The home's previous occupants had dug out of the house and into an unused portion of the Dwemer city where I can only assume they decided to install a shrine to Molag Bal, a thoroughly unpleasant Daedric Prince with which involvement could only lead to poor things. I sensed the trap before I approached the shrine, but knew that I would not be leaving the house without springing it.
Sure enough, touching the blood-caked iron mace embedded in the shrine caused spikes to shoot up from the floor around me, trapping me. Predictably the voice, Molag Bal, took great delight in having tricked me and asked what I saw. I replied that I saw an altar and he agreed, stating that it had seen better days, mostly when his worshipers would bring people to it in order to murder them in the Prince's name.
But the altar was not actually sending him any...whatever Daedric Princes receive from worship. A servant of Boethiah, the Daedric Prince of death, had intentionally damaged it to prevent Molag Bal's worshipers from using it. Evidently they were not up to the task of restoring it and abandoned the house and its secret. For some reason Molag Bal thought I would be interested in helping him, but I demanded that he let me go, not actually expecting that to work. To my surprise it did: the spikes retracted and he sighed within my head before letting me know his favor was still available if I rescued the wounded priest of Boethiah and brought him back to the shrine. I could see no reason why Molag Bal would want the priest at his shrine again and resolved to have nothing to do with either Molag Bal or Boethiah. I suppose to them I am a terrible aberration, but I did not ask for my inability to die.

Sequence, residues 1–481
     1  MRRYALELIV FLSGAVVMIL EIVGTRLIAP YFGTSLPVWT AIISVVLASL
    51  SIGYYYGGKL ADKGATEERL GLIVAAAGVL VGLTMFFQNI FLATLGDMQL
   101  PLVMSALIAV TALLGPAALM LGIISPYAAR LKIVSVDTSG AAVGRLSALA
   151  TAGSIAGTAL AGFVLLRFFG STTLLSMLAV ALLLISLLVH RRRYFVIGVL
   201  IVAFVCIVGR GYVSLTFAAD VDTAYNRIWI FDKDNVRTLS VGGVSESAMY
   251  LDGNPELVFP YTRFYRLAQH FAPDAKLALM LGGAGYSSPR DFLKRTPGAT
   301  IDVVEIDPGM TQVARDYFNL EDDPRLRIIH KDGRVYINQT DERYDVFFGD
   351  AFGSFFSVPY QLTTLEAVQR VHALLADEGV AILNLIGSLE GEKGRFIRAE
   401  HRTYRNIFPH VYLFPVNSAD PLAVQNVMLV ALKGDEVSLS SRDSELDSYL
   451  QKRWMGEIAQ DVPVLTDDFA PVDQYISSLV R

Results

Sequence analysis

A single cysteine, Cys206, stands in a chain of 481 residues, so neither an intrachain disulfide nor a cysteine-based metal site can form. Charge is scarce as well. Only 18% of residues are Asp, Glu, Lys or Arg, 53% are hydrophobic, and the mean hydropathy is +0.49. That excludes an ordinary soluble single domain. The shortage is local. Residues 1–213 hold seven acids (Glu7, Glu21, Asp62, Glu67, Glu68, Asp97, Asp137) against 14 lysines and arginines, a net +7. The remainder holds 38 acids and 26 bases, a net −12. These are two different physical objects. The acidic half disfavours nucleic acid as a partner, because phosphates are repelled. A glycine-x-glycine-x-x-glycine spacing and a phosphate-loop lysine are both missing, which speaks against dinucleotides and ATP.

The front door to the house was now unlocked and I stepped over the unfortunate Tyranus on my way out, never to return.
I started my way towards Solitude once again and hope to be at the College of Winterhold within a few days. At a crossroads I came upon three Imperial Legionnaires standing around three dead and nearly naked men. One of the "soldiers" heard me approach and warned me that holding a loaded crossbow around Imperial soldiers warranted a fine of two hundred Septims plus a search of one's belongings to aid in the war effort. I remarked that I had I known that I would have been carrying some shoes, for they had none and the bodies did. Fools to think they could deceive me.
With that I sent a crossbow bolt through the throat of the Orsimer who had tried to shake me down and charged at his two brigand comrades. One was lucky enough to block my chop at his neck and returned with his own semi-skilled blows. The other brigand wisely circled around the two of us to flank me, but was lacking in his approach. When he leaped at my back I turned and drove the pommel of my blade into his face, turning his snarl into a scream as his nose turned into a satisfying spray of blood. A swift cut into his shoulder rendered his weapon useless and I sprang behind his rapidly folding body so that my original foe could watch the man's throat get slit. Morale is key in any fight.
Watching his "leader" get a bolt to the throat and his other comrade get his neck opened took the wind out of the surviving man's sails, as they say on the coast. He halfheartedly started to attack me, but I smashed the sword out of his hand and drove my sword through his stolen Imperial leathers and into his chest. Predictably the trio had nothing of value on them, save for the insight that a more powerful Fury Illusion spell would have been very useful.
I arrived at Dragon Bridge as it began to grow dark and walked through towards Solitude without any further bandits, animal attacks, or Daedric requests. The guards were changing to the night shift as I approached Solitude's gates and gave me no trouble with entering after dark.
There are tasks I have yet to perform for people in Solitude, but I am not sure if I should attend to them now or proceed on along the coast to Winterhold. I face the dismal prospect of venturing through the province's coldest region, but as the name suggests there is no other way to reach the College of Winterhold other than by traveling through what many would consider to be a rather poor winter.